Pilot jobs

In this page we will show you how to run pilot jobs on the Grid and track the status of hundreds jobs running at a time:

About pilot jobs

When you have tens, hundreds of jobs that you submit to the Grid you may find yourself writing software which checks the status of all those jobs and tries to find out which ones have succeeded and which ones should be resubmitted.

In addition, when submitting a large number of jobs you will often find that they need to operate on the same database or some other static datasource. For every jobsubmission this database then has to be copied to the node the job is running on. This introduces a large overhead per job.

A solution to these problems is to use a pilot job framework. Such frameworks start by submitting a number of pilot jobs to the Grid. Pilot jobs are like normal jobs, but instead of executing the task directly they contact a central server once they are running on a worker node. Then, and only then, will they be assigned a task, get their data and start executing. The central server handles the request from pilot jobs and keeps a log of what tasks are being handled, are finished, and can still be handed out. The pilot job can request a new task, report the successfull completion of a task just executed or report that it is still working on the task it received previously. When the task server doesn’t hear about the progress or completion of a task it has distributed, it will assume the pilot job is either dead or the job has failed. As a result the task will be assigned to another pilot job after it has made a request for a new task.

A pilot job will not die after it has successfully completed a task, but immediately ask for another one. It will keep asking for new jobs, until there is nothing else to do, or its wall clock time is up. This reduces overhead for jobsubmission considerably.

Pilot Job Workflow

The picture below illustrates the workflow of pilot job systems: (1), the user uploads work to the central database. This could be a list of parameter settings that need to be executed using some application on a computational resource. The user then (2) submits jobs just containing the application to the Grid, which handles retrieving from (3) and updating of (4) the job database. This process continues until all the work present in the database has been done, the application has crashed or the job has run out of time on the computational resource. When all work has been done, the user retrieves (5) the results from the database.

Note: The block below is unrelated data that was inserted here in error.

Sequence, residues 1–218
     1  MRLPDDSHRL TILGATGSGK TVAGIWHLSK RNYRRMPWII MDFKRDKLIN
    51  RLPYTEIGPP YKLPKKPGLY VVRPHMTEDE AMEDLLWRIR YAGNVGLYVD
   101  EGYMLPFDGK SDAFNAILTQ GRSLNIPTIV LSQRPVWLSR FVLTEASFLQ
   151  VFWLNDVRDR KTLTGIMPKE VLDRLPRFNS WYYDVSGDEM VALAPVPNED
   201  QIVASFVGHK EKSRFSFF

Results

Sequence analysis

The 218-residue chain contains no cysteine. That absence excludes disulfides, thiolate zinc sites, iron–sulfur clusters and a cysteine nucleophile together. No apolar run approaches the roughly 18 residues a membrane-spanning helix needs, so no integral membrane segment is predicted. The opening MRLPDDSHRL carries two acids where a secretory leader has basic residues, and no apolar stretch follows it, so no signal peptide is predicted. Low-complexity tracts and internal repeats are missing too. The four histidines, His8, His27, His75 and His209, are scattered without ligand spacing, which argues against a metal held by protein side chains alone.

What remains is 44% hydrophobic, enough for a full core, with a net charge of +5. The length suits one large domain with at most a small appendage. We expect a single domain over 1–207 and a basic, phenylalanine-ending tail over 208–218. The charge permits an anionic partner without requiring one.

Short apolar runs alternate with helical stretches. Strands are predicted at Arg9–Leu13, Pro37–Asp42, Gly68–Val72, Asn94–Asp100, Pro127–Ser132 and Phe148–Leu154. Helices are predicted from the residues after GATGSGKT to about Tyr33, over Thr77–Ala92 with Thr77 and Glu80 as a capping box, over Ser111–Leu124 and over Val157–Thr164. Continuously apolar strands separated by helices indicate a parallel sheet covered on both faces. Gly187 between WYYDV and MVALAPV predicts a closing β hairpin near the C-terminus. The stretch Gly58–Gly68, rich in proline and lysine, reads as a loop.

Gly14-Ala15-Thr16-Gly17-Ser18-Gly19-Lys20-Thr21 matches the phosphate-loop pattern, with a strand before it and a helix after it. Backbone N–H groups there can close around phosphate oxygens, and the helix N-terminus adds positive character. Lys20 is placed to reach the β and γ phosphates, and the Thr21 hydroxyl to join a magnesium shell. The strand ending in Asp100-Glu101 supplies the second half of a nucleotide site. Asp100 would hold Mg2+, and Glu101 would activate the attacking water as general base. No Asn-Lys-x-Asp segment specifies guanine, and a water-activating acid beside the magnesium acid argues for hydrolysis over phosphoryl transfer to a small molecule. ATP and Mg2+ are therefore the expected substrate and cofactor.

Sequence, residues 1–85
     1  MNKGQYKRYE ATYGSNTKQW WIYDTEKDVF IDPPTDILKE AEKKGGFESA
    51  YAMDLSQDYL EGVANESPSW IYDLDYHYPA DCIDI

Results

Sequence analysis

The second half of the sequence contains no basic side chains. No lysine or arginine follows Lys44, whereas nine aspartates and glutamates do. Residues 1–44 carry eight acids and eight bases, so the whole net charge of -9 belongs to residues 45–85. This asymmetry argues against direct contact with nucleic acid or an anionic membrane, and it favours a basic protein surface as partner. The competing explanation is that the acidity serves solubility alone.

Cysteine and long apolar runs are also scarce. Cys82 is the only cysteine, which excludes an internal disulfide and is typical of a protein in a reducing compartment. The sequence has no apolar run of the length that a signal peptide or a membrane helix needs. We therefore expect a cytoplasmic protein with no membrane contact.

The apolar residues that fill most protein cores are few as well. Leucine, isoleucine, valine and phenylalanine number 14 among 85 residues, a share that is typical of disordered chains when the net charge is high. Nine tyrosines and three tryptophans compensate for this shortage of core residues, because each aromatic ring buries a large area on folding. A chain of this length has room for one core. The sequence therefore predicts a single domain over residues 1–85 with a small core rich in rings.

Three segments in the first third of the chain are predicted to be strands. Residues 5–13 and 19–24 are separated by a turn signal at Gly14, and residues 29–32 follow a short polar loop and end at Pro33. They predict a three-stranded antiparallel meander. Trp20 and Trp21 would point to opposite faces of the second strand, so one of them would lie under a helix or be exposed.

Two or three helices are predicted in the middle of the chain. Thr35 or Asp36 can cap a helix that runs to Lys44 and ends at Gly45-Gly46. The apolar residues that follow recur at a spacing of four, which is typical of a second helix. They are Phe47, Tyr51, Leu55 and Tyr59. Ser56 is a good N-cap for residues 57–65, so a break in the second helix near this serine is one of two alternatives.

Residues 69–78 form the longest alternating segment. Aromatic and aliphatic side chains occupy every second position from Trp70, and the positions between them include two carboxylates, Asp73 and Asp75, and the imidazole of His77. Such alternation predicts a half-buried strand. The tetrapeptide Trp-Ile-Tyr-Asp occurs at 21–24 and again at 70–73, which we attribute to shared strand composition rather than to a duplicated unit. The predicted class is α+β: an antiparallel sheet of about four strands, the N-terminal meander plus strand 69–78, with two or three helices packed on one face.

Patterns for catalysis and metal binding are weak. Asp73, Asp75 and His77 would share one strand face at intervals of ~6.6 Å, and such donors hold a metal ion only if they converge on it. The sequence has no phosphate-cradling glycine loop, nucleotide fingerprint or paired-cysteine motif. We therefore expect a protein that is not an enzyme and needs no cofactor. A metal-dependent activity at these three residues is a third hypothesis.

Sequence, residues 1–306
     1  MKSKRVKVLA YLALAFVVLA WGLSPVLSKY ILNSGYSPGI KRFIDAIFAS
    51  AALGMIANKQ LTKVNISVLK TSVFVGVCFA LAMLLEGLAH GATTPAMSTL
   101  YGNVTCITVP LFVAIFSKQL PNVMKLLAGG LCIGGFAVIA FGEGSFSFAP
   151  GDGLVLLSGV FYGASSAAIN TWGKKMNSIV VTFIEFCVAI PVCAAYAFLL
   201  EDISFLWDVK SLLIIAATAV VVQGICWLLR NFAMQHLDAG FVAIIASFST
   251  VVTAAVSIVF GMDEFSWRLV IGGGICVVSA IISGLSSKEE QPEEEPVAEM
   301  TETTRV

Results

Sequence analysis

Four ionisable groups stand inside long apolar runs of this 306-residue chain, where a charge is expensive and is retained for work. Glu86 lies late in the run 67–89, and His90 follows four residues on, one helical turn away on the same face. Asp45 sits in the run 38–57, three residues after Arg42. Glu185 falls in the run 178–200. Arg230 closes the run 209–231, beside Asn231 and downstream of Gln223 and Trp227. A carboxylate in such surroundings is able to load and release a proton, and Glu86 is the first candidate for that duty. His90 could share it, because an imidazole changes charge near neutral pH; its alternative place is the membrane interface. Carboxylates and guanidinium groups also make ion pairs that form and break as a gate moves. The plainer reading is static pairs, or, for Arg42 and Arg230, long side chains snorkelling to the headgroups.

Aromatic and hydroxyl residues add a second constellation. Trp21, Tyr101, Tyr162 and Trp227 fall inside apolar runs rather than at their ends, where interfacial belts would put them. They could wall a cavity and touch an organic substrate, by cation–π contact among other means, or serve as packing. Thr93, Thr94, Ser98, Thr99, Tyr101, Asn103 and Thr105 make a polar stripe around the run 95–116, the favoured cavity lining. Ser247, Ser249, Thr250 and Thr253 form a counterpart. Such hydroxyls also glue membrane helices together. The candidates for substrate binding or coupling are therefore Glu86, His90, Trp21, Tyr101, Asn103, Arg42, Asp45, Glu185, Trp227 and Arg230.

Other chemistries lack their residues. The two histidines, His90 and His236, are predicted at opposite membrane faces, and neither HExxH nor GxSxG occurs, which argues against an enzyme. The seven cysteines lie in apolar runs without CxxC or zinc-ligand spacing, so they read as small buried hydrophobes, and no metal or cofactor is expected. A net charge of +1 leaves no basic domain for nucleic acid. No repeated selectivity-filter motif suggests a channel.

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Pilot job database

In pilot frameworks, the database server is a server which is not necessarily tied to Grid infrastructure. In fact, you can have simple access to a pilot job server with your Internet browser or with HTTP command line clients like wget and curl.

The concept of token pools can also be used to create workflows. A task server can deal out tokens from different pools in succession and pilot jobs can remove tokens from pools (by processing them) and create tokens in other pools.

Pilot job advantages

Notice that when you use pilot frameworks you do not have to worry about job failures. When jobs fail they will not request and process new tasks. The user should not look at the pilot jobs he/she has submitted but to the number of tasks being processed. There is no need to keep track of submitted (pilot) jobs and resubmit those (and only those) that failed. Remember a pilot job will die if all tasks have been processed.

A second advantage of using pilot jobs is the reduced overhead of job submission. Once a pilot job is in place it will process tasks as long as there are any, or it’s wall clock time (the maximum time a job is allowed to run) is up. This can also be advantageous for jobs who all need to transfer a large datafile. In the last example, a database should be downloaded from a SE to the Worker Node were the job is running. Note, that this is always the same database for all jobs. When a pilot job is running and is processing task after task it only needs to download the database once.

Pilot job submission

To be able to submit multiple pilot jobs at once, they are submitted to the Grid with a specific JDL type called Parametric. Learn more about this technique in parametric jobs section.

Pilot Job Frameworks

There are several pilot frameworks for the Grid. At SURFsara we support PiCaS: